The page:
From this one example I think we could conclude that the NT writers were either using a different Greek text to our Septuagints, they were making their own translation from the Hebrew, or they were using a Septuagint but changing it or improving it as they went, but more examples will follow.

4 comments on “Does the New Testament always quote from the Septuagint?

  1. The apostles knew very well the Torah and did not need the Greek translation of it as such because they probably not only knew Greek, Hebrew and Aramaic, the language of Jeshua (Jesus) they got themselves inspired by the Holy Spirit to understand His Words and to write them down.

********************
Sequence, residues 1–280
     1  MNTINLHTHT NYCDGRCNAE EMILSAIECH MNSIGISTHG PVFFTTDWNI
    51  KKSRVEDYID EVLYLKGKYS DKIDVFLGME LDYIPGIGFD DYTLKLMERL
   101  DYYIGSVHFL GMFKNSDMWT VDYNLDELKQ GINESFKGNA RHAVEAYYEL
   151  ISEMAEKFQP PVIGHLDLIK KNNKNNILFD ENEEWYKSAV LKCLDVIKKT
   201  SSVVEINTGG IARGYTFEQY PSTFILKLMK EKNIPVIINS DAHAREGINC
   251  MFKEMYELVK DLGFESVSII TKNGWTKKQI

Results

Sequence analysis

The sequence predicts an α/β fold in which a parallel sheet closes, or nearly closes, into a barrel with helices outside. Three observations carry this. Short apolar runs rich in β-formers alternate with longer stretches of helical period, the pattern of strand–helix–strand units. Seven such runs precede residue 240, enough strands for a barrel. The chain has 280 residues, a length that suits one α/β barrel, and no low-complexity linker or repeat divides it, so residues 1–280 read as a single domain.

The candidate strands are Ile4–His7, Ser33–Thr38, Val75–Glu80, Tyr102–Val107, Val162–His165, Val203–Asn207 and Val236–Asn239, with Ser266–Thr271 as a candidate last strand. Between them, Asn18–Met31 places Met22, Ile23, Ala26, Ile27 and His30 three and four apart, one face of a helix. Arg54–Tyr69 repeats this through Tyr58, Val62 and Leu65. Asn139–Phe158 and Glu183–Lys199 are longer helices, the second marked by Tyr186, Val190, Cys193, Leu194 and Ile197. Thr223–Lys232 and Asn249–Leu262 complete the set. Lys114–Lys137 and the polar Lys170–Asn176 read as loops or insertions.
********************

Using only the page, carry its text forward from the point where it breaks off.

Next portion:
As you say we also think those NT writers may have been making their own translation of a Hebrew text (or an Aramaic translation – a targum – for that matter), quoting or paraphrasing from memory, or making a deliberate change for their own theological reasons.

    • Liz says:

      Hi Steven I was talking with a friend recently on the subject of Baptism…If we were to consider that Baptism is the New Testament form of circumcision,should the children of Christians be allowed to and encouraged to receive the sign of the covenant by being baptized even as young children?Are there any quotations from the Old Testament in the New Testament which supports this? I would really value your views on this topic.Thank You…
      Liz

      • Stephen Cook says:

        Liz,
        I can’t think of any quotations from the OT in the NT offhand which speak specifically to this question, although there are certainly allusions which may may be relevant. Here are just a few quick off-the-cuff ideas which you might want to think about: